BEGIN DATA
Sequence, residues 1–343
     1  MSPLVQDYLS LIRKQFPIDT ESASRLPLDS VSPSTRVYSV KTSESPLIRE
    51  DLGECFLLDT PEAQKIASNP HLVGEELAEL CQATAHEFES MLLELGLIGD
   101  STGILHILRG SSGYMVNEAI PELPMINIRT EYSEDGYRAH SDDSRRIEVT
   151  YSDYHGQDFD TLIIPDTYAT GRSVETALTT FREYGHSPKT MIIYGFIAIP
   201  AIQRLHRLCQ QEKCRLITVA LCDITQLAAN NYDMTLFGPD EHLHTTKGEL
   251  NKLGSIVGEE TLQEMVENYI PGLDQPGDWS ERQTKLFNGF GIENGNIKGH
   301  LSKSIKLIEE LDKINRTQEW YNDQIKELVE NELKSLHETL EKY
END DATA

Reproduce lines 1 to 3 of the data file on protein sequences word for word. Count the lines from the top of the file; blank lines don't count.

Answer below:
Sequence, residues 1–343
     1  MSPLVQDYLS LIRKQFPIDT ESASRLPLDS VSPSTRVYSV KTSESPLIRE
    51  DLGECFLLDT PEAQKIASNP HLVGEELAEL CQATAHEFES MLLELGLIGD